The room was full and for two hours I stood and listened to so many precious memories of her, her infectious wit and humour, her brilliant and quirky mind, her perchance for misbehaving, and the generosity and kindness she gave without question.
And I heard this from people who loved her dearly.
I didn’t say anything. I was amongst her dearest friends who all knew her for so long, and her was I, and outsider to this community who never had the real opportunity to know her as long as they had.
And what could I possibly say that they didn’t already know of her.
There was another reason though I didn’t say anything.
I was angry.
In my life, I meet a lot of highly creative people. Some have been trained to be creative, some see their creativity as just doing a job, and other think they are creative as they stand on the shoulders of others.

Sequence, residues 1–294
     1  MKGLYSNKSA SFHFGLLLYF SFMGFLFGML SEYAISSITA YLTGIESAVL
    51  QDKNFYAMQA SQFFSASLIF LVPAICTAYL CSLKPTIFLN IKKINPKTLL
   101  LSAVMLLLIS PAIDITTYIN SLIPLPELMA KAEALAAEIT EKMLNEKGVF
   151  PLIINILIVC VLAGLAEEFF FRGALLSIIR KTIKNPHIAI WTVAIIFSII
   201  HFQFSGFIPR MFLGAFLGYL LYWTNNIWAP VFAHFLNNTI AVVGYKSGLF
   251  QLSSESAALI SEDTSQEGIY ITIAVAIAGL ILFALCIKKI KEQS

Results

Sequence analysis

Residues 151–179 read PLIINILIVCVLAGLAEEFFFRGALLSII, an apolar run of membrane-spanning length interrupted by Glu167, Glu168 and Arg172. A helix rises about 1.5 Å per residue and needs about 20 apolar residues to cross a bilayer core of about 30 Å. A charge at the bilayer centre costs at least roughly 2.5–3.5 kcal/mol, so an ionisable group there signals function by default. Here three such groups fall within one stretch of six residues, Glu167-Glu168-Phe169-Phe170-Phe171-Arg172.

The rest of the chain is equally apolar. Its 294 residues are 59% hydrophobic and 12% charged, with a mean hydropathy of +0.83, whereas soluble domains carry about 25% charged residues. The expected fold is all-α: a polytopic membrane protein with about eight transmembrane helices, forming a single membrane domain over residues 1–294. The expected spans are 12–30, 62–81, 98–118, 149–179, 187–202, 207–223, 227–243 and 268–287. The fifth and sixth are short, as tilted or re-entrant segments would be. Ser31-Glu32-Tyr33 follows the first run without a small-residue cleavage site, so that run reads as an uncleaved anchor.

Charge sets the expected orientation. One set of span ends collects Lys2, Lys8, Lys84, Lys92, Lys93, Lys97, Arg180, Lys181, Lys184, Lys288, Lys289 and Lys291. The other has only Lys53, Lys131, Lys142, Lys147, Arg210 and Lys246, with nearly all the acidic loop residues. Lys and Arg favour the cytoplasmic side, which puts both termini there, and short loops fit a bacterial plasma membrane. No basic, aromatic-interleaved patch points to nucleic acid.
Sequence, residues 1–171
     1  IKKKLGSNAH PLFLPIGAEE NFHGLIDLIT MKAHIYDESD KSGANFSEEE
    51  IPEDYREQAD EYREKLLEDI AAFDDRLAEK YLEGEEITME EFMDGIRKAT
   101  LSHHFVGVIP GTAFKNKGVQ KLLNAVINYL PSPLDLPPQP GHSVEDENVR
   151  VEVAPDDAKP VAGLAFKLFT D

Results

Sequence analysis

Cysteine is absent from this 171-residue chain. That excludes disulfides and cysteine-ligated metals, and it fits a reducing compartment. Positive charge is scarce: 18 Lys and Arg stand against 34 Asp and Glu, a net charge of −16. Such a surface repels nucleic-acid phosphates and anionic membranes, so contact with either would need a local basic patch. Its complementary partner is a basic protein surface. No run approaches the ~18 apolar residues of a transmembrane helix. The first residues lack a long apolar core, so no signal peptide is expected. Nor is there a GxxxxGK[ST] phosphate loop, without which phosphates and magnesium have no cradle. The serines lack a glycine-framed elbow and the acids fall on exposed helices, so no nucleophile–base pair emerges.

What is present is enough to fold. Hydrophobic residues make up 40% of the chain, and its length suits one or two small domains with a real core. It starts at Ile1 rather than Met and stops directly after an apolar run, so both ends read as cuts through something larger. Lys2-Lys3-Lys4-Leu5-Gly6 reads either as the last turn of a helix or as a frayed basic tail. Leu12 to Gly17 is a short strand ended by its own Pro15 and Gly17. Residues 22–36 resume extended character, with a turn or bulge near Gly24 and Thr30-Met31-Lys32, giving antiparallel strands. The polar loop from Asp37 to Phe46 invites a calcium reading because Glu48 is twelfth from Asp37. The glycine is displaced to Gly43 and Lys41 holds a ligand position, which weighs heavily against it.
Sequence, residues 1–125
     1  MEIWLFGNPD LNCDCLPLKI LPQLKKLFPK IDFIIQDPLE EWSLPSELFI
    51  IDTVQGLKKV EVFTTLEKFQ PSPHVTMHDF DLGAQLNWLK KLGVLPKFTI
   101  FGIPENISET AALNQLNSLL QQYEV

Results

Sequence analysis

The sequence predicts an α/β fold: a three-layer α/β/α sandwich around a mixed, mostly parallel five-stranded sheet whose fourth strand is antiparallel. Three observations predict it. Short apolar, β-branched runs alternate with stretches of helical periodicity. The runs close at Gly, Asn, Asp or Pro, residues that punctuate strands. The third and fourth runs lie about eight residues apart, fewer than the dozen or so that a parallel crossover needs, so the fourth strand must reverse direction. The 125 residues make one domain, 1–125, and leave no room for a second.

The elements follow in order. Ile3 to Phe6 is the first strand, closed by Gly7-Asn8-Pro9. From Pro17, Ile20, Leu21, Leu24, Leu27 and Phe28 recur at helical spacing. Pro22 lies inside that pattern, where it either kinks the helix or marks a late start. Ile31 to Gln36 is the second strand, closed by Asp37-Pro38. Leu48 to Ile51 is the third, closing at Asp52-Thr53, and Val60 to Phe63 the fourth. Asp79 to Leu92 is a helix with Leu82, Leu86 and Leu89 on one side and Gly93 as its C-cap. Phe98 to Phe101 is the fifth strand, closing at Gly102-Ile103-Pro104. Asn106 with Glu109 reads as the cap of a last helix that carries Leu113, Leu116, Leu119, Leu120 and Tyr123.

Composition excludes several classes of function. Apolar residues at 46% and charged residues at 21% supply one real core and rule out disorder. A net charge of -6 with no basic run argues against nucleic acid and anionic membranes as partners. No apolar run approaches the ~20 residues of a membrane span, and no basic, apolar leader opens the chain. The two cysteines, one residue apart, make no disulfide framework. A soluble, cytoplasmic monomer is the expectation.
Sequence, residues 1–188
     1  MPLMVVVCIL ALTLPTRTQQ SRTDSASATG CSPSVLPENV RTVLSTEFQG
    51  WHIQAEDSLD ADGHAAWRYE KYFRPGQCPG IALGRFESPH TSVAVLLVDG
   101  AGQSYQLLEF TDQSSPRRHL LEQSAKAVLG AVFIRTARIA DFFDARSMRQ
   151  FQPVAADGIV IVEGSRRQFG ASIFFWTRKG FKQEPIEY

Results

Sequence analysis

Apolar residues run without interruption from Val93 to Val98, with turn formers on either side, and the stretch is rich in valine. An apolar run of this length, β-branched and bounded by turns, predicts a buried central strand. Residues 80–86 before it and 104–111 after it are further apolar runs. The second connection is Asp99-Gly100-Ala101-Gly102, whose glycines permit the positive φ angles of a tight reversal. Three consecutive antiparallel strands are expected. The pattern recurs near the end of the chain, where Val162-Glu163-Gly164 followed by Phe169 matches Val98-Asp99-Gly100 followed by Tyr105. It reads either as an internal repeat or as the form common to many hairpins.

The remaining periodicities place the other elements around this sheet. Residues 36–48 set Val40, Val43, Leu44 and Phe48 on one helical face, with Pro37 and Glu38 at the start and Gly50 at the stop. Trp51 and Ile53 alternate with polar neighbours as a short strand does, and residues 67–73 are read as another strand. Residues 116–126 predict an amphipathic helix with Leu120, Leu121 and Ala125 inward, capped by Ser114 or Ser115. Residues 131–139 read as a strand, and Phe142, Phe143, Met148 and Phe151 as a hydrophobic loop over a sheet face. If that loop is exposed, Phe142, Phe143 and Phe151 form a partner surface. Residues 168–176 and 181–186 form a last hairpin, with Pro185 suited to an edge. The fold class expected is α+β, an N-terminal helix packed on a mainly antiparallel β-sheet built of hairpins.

But there are wonderful and very rare moments you meet someone who is a natural.
They exude talent and skill through their skin, and they have this thirst to learn more.
In think in my many years I can count on one hand the number of people I have stumbled across who were so gifted.
What broke my heart the most was she was barely in her mid 20’s. This person so full of life and creativity and passion, now gone.
She enriched everyone she met and made the world a better place to be in, and now the world feels colder and more empty with only memories to hold on to.
And thats why I am angry. She was taken before she could ever realise her full potential.
And I certainly didn’t want my anger to taint those wonderful people who knew and loved her.
So I will simply say this.
I don’t believe in an afterlife, but if there was one, the idea of you causing chaos and joy to everyone you meet there does comfort me.
It was too short a season for you, but it was wonderful.
Goodbye dear friend.